"Why Are My Tomatoes..."?
Answers to common tomato troubles!
Fresh, vine-ripened tomatoes are one of the great joys of summer. However, sometimes diseases, pests and/or environmental stresses get in the way of our tomato harvests. Even the best-cared-for plants can be plagued by problems. Diagnosing the culprit is the first step — is it a disease? An insect? An environmental condition? Here are some of the most common tomato problems and recommended solutions. Keep in mind that problems with your tomatoes will depend on many factors, including your soil and climate, as well as localized disease and insect pest outbreaks.
Signs of Common Tomato Problems:
Common Tomato Problems
Fruit with black sunken areas on the blossom end are a sign of blossom-end rot. Although it looks like a disease, blossom-end rot is caused by a calcium deficiency — sometimes the soil is lacking calcium, but more often than not, there is plenty of calcium available, but the plant cannot take it up. This is usually aggravated by drought or uneven watering, root damage, and/or excess nitrogen. Fortunately, blossom-end rot will usually occur on just a small number of fruit, especially at the beginning of the harvest season. To prevent it, maintain a frequent, regular watering schedule so plants do not dry out. Amend your soil with a calcium-based fertilizer, or try a ready-to-use spray called Tomato Rot-Stop, which is an all-natural formula for blossom-end rot.
Read on and learn more about blossom-end rot.
The most common cause of plants dropping flowers is temperature, so the problem usually resolves itself when weather improves. If that does not resolve the problem, there are a few potential causes:
- Nighttime temperatures above 70 degrees F or below 50 degrees F
- Daytime temperatures above 85 degrees F
- Drought stress
- Excess nitrogen
- Lack of pollination
Dark, concentrically ringed spots that cover the lower leaves and stems are a sign of early blight. To prevent and control the spread of blight, spray with Actinovate or Copper Fungicide. Also, limit the spread of the disease by not getting water on the leaves when watering and not handling plants when they are wet.
Read on and learn more about early blight.
Water-soaked patches and lesions on stems, foliage and fruit are signs of late blight. Outbreaks spread quickly under favorable conditions because the pathogen can produce huge numbers of wind-dispersed spores. Track outbreaks on the map at usablight.org. When late blight is detected in your region, consider preventative spraying with Actinovate or Copper Fungicide.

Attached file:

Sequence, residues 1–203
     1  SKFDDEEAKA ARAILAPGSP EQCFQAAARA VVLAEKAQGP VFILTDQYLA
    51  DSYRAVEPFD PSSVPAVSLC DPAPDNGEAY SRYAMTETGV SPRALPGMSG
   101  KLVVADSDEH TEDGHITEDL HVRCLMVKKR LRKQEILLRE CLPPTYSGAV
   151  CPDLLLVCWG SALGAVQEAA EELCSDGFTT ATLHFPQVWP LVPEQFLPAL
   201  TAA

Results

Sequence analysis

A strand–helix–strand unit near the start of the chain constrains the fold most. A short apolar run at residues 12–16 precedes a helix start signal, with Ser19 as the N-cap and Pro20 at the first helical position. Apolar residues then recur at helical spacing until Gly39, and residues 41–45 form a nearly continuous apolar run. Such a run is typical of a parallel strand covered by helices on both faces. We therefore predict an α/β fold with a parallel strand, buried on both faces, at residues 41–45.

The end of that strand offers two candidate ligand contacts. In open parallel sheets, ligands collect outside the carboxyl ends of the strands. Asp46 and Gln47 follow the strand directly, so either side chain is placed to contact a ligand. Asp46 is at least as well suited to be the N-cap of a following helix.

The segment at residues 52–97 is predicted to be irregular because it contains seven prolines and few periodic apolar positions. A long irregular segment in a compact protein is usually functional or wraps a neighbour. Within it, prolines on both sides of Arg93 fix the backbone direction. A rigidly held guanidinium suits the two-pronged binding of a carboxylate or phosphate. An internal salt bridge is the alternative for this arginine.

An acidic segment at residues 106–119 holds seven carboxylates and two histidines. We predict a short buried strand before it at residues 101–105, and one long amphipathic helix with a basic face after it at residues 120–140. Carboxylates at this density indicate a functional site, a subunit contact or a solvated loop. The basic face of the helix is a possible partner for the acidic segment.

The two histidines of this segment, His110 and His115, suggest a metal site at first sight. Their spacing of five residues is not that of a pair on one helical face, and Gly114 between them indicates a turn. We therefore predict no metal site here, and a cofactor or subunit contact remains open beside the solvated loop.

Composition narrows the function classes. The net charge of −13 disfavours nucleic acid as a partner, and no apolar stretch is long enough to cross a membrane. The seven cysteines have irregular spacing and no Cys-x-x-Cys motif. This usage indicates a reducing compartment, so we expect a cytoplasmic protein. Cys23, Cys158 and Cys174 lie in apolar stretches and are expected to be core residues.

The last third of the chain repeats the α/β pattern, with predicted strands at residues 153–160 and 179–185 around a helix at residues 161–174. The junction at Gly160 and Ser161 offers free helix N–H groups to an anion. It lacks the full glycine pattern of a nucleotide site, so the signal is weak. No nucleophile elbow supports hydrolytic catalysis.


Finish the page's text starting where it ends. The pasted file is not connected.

Read on and learn more about late blight here.
Holes chewed in leaves and fruits can indicate the presence of a tomato hornworm. This large caterpillar has white diagonal stripes and a black horn projecting from the rear. Handpick these caterpillars (drop them in soapy water as you pick them).
Holes chewed in tomatoes can be the work of slugs. There is nothing worse than picking a tomato and finding a slug happily working its way through it. Slugs can be thwarted with iron phosphate-based slug pellets and beneficial nematodes.
Small holes in fruit and tomatoes that collapse when you pick them might be the work of tomato fruitworms. These moth larvae bore into fruits and consume them from within. Once the larvae are in the fruit, the only remedy is to destroy the infected fruit. If fruitworms are a severe problem in your area, start the plants under row covers and keep them covered until they flower.
Cracks in fruit are generally caused by uneven watering. Use a soaker hose or irrigation system, to apply water directly to the soil, moistening the entire root zone each time you water. Apply mulch to help retain moisture.
Learn more about cracking in tomatoes.
Yellowed, distorted and curled leaves may be a sign of an infestation of aphids. Check for aphids on the undersides of leaves or clustered on new growth. Aphids are easily controlled with a strong jet of water or an application of neem oil.
Read on and learn more about aphids.
Wilting foliage might be a sign of insufficient water. But if the lower leaves are wilted and plants are stunted and do not recover after watering, fusarium wilt is likely the cause. Infected plants should be removed and discarded (not composted).
Read on and learn more about fusarium wilt.
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